Wireless. Easier. Safer. Longer Lasting Christmas lights. by Chris Higgins & Hardeep Johar:
The first ever wirelessly powered Christmas lights
Smartphone controlled energy efficient LED lights
Outshines any of the average Christmas lights by 20 years
AURA: The first ever, wirelessly powered Christmas lights - [Link]
Control of up to 680 pixels on any of the popular LED strips from any device with a USB port! One controller to rule them all!
Working with addressable LED strips, we’ve found that the extra components required to communicate with and power them complicate designs and limit the options for how they can be used. Each chipset requires its own special protocol and supporting hardware components. This is where the AllPixel comes in. Think of it as a video card for your LED strips.
AllPixel – USB Interface For All Your LED Needs - [Link]
by R O Ocaya @ edn.com:
This Design Idea shows a way to drive low-power electronic circuits using a single 1.5V cell. The design is based on a free-running oscillator that drives a flyback transformer to generate a controllable higher voltage. It can be used to power analog circuitry, microcontrollers, and any other light loads.
Flyback switcher works down to 1.1V, flashes HBLEDs - [Link]
LED matrices are a popular mean of displaying text, graphics, and animated information at gas stations, convenient stores, and many other public places. Raj’s new project is about making a Bluetooth-enabled 8×64 LED matrix display, where you can send the text messages through a smartphone over a Bluetooth connection. He used Arduino as the main controller and an HC-06 Bluetooth adapter to receive data from the smartphone. He has shared all of his design files and Arduino firmware on his blog.
DIY LED Matrix Display with Bluetooth support - [Link]
by jollifactory @ instructables.com:
We have created two game project instructables so far using the jolliFactory Bi-color LED Matrix Driver Module D.I.Y kits we designed. This LED Matrix module is designed to be chain-able so you may daisy-chain the modules together to the number of modules you need to suit your project.
Arduino based Bi-color LED Matrix Pong Game - [Link]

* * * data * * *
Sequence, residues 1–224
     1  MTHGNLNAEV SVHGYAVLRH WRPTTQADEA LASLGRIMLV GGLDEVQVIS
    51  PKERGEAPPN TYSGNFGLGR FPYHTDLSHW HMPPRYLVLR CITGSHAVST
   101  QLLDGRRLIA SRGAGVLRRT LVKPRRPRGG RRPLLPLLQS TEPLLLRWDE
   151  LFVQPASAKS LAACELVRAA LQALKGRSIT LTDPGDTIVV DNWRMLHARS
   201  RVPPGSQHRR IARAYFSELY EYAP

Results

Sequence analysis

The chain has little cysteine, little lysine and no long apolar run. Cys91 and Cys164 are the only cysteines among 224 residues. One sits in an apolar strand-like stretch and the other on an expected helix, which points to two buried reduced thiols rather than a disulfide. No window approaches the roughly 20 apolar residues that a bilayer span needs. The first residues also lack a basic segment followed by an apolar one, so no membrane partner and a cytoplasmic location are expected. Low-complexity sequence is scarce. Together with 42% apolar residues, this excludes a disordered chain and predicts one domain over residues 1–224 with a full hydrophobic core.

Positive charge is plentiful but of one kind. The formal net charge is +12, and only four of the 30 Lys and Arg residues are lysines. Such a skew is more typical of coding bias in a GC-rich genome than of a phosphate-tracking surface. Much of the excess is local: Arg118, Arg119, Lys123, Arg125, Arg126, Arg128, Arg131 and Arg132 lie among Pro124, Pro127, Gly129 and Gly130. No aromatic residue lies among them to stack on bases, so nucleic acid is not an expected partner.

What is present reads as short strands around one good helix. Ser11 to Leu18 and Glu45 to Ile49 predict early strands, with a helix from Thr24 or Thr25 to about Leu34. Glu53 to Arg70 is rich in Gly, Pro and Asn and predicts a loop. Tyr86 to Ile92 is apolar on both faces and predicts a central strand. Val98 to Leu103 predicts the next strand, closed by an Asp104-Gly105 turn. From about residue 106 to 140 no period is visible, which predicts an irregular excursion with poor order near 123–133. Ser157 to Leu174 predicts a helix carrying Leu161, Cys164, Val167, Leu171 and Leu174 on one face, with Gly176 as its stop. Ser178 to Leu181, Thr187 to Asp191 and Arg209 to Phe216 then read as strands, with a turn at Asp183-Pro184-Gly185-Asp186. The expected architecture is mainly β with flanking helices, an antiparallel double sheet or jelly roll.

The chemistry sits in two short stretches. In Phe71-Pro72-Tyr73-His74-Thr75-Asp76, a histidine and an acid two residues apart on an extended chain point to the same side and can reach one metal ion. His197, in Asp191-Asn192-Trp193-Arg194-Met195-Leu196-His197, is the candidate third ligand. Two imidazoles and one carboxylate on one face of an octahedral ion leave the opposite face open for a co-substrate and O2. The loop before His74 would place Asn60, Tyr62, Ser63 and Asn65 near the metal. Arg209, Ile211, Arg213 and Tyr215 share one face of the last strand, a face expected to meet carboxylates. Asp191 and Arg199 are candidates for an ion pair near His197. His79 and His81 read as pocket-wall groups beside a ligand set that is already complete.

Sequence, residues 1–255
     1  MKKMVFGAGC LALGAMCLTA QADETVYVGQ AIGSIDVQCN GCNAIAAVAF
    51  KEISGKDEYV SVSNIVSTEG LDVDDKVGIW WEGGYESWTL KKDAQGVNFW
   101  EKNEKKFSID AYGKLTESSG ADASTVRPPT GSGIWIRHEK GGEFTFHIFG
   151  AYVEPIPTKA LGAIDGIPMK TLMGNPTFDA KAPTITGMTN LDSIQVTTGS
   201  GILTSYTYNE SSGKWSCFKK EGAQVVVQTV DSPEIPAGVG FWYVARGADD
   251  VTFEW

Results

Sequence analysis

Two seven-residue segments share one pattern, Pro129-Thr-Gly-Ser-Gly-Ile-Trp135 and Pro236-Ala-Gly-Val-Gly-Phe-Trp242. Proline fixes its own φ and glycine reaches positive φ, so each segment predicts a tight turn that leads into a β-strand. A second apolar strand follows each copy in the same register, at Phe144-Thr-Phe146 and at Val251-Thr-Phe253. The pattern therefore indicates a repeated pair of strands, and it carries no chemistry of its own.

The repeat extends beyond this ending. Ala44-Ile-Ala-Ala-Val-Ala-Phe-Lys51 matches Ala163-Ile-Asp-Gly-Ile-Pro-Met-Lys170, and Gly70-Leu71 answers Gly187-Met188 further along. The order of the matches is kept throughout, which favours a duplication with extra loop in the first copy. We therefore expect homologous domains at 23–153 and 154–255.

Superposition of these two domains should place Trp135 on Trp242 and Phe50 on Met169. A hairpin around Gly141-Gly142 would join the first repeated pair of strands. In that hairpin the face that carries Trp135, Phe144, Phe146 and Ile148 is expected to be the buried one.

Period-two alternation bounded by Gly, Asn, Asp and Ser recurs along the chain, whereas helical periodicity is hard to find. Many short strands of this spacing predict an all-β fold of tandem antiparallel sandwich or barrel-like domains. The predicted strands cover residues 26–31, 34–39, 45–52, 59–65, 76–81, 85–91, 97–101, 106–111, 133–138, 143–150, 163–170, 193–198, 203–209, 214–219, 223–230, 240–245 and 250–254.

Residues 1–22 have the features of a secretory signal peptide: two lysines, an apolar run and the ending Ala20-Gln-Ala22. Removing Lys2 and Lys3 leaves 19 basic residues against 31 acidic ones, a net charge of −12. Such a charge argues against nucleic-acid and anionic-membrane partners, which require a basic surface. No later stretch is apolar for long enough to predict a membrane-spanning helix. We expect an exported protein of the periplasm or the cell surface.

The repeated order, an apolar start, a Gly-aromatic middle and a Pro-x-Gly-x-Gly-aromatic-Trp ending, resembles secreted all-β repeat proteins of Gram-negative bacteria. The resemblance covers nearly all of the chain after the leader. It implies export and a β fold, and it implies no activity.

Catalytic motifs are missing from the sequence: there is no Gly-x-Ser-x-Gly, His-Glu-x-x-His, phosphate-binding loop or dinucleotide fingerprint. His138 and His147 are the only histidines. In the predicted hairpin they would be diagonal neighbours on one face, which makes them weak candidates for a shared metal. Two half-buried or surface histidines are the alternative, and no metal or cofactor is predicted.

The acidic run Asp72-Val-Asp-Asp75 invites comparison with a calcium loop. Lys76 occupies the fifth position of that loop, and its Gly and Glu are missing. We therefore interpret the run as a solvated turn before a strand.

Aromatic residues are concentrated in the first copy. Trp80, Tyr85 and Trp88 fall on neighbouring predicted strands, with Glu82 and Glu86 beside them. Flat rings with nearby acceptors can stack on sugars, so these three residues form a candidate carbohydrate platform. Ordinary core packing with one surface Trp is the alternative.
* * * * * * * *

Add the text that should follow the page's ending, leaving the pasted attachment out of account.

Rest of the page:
by Colin Jeffrey @ gizmag.com:
With LEDs being the preferred long-lasting, low-energy method for replacing less efficient forms of lighting, their uptake has dramatically increased over the past few years. However, despite their luminous outputs having increased steadily over that time, they still fall behind more conventional forms of lighting in terms of brightness. Researchers at Princeton University claim to have come up with a way to change all that by using nanotechnology to increase the output of organic LEDs by 57 percent.
Breakthrough in LED construction increases efficiency by 57 percent - [Link]
I contrast to the very timing-sensitive one-wire protocol of the WS2812, the APA102 uses a standard two wire SPI protocol – one clock line and one data line. Each LED has two inputs and two outputs which can be daisy chained. At the first sight this may seem wasteful, but it has the advantage of being supported by standard microcontroller periphery and it is insensitive to timing variations. Due to the critical timing requirement it is not possible to control the WS2812 from SOCs with multitasking operating systems, such as the Raspberry Pi. This should not be an issue with the APA102. Furthermore, the data can be transferred at an almost arbitrary clock rate. I was able to control the LEDs with 4 MHz SPI clock without any hitch. It appears that the maximum speed is mainly limited by the parasitics of the wiring.
APA102 aka “Superled” - [Link]
Ondřej Karas of DoItWireless writes:
If You are interested in LED driving through RF, this article would be interesting for you. I tested own PCA9634 breakout board for this chip and wrote simple low level driver for IQRF TR-52D module. Next week, I am going to publish PC application for comfortable operation with that.
Wireless LED driver with PCA9634 - [Link]
by Jose Daniel Herrera:
Here I present another project based on a addressable LEDs strip, based on WS2812b leds.
It consists of an ‘electronic’ candle, which lets you select set colors, adjust the intensity, and have different effects like rainbow, fade and fire. The project arose from the purchase of an IKEA lantern model BORBY … the idea was to replace a candle of considerable size, for something more … modern.
Candle with remote control and Arduino Pro Mini - [Link]